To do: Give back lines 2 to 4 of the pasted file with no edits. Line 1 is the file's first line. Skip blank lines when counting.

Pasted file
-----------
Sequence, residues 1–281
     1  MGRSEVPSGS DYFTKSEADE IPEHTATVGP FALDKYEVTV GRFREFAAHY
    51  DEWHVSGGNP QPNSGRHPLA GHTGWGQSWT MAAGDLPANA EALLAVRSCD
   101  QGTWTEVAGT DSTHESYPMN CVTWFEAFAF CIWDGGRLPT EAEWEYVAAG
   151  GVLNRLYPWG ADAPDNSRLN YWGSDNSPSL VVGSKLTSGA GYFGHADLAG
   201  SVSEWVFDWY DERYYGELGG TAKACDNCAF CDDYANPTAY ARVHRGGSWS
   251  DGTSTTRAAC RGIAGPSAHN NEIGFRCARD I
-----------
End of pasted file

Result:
     1  MGRSEVPSGS DYFTKSEADE IPEHTATVGP FALDKYEVTV GRFREFAAHY
    51  DEWHVSGGNP QPNSGRHPLA GHTGWGQSWT MAAGDLPANA EALLAVRSCD
   101  QGTWTEVAGT DSTHESYPMN CVTWFEAFAF CIWDGGRLPT EAEWEYVAAG